When the mind complains about the shortage of enjoyable sense objects, contemplate the shortage of enjoyment in the supposedly enjoyable sense objects
Suppose we go to a hotel to eat a full meal and find that the delicacy we wanted is provided only in limited quantity. Our mind may start complaining and prevent us from relishing the meal.
While some meals can be really bad, the universal reality is that the sense objects available to us will always be far lesser than the sense objects unavailable to us. The food items on our plate will rarely be as many as those on the counter or on the menu. And our mind habitually fantasizes about the sense objects we don’t have and faults those that we do have. If we listen to it, we will stay perpetually unhappy.
How, then, can we find happiness? By challenging the premise underlying the mind’s complaining: sense objects are the way to happiness. If we contemplate times when we enjoyed better sense objects, wasn’t even that pleasure finite? Are people who can enjoy the best sense objects at will happy? The wealthiest celebrities often have serious mental health issues — doesn’t that mean they aren’t anywhere as happy as they should be if the sense objects were as enjoyable as our mind imagines them to be?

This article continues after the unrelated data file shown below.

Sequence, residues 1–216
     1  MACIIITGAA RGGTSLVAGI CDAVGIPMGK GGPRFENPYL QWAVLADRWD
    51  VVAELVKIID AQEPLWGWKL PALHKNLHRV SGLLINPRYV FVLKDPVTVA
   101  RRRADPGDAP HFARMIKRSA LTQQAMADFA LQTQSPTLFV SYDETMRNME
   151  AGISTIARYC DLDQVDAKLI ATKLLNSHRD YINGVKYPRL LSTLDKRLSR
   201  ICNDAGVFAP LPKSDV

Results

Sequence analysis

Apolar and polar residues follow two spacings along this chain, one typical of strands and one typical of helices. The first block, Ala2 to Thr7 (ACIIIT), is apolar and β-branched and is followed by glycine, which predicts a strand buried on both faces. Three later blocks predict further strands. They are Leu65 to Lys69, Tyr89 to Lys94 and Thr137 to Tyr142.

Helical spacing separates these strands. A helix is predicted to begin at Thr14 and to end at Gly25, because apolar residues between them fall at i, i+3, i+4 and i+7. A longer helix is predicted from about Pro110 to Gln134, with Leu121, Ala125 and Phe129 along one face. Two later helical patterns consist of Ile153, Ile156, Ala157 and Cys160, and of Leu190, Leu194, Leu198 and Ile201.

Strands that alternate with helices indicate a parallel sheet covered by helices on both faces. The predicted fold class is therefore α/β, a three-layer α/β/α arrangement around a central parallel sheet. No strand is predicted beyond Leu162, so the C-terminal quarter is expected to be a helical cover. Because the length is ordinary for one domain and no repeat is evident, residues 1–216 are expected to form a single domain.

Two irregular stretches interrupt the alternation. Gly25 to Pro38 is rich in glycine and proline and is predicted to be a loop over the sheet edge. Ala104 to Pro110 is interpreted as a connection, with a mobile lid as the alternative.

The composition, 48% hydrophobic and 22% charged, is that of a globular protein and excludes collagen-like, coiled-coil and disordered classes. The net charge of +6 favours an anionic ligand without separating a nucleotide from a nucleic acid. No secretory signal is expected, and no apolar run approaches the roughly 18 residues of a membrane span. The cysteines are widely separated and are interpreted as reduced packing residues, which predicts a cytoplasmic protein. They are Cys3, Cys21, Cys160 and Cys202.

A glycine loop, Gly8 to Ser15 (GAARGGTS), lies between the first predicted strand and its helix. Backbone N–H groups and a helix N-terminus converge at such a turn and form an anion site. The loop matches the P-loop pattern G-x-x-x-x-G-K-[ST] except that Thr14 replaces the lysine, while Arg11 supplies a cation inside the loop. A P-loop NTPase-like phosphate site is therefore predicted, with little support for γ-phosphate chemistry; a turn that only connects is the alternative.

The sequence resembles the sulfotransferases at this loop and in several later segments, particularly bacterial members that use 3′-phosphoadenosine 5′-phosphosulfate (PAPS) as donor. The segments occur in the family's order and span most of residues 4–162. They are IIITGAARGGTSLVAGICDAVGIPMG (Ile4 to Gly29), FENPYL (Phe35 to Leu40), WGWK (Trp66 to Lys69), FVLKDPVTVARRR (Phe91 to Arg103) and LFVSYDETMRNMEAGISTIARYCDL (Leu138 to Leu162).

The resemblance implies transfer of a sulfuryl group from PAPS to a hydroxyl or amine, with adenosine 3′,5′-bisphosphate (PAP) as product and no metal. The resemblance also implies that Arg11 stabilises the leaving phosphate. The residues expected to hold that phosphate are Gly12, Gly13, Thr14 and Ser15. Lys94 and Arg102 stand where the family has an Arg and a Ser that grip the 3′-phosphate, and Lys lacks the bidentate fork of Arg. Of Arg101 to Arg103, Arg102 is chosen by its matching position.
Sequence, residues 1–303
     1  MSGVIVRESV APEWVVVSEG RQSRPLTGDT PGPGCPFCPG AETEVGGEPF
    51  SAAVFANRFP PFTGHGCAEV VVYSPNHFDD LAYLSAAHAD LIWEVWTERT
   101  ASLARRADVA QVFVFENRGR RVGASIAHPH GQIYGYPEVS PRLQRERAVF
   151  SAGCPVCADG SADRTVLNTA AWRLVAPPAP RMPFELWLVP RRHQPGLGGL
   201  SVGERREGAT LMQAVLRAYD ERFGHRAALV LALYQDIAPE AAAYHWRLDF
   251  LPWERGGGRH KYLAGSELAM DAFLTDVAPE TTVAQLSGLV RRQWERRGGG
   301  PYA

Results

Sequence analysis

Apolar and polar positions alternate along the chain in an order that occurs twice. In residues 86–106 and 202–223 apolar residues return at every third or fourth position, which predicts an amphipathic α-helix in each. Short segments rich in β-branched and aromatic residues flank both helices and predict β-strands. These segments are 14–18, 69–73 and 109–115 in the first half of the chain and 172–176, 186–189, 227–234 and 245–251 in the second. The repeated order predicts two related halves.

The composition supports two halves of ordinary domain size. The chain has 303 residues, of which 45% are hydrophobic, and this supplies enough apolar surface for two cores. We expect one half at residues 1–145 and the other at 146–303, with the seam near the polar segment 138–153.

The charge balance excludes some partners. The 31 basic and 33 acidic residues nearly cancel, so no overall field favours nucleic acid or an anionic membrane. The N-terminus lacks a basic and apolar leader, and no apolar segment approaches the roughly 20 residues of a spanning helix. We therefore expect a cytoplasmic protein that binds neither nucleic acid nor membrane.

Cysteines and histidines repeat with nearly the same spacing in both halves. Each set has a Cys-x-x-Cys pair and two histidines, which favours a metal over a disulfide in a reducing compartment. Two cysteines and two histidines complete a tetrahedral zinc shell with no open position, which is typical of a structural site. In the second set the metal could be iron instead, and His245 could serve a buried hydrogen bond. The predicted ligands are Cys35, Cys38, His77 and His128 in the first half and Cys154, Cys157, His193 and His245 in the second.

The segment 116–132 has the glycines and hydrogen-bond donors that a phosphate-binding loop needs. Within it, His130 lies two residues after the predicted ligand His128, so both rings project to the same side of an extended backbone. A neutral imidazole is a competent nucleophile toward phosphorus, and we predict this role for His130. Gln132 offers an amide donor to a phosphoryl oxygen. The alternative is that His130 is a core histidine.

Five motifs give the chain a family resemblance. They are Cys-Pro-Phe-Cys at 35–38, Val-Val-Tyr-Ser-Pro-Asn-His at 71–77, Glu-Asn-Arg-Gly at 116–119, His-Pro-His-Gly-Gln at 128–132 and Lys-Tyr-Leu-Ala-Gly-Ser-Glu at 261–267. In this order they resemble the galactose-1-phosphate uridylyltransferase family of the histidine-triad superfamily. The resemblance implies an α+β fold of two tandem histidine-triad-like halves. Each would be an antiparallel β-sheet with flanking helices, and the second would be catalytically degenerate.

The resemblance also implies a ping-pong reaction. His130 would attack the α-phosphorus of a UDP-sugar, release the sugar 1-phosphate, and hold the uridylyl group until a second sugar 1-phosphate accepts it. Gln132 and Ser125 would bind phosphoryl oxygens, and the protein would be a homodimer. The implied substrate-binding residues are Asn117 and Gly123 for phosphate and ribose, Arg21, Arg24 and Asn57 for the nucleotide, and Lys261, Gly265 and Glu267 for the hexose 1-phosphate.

By such contemplation, we can redirect our efforts from improving the sense objects with us to improving the mind within us. The Bhagavad-gita (17.16) urges us to discipline our mind by choosing to be satisfied with what we have materially and purifying ourselves to relish increasing happiness spiritually.
Gita wisdom explains that the ultimate spiritual reality, Krishna, is the source of all happiness; everything enjoyable manifests a spark of his supreme attractiveness (10.41). When we connect with him by practicing bhakti-yoga, we become purified and relish loving absorption in him, more and more, forever.
Think it over:
- How does our mind keep us perpetually unhappy?
- How can we challenge our mind’s premise about happiness?
- How can we make our mind better?
17.16. Satisfaction, simplicity, gravity, self-control and purification of one’s existence are the austerities of the mind.
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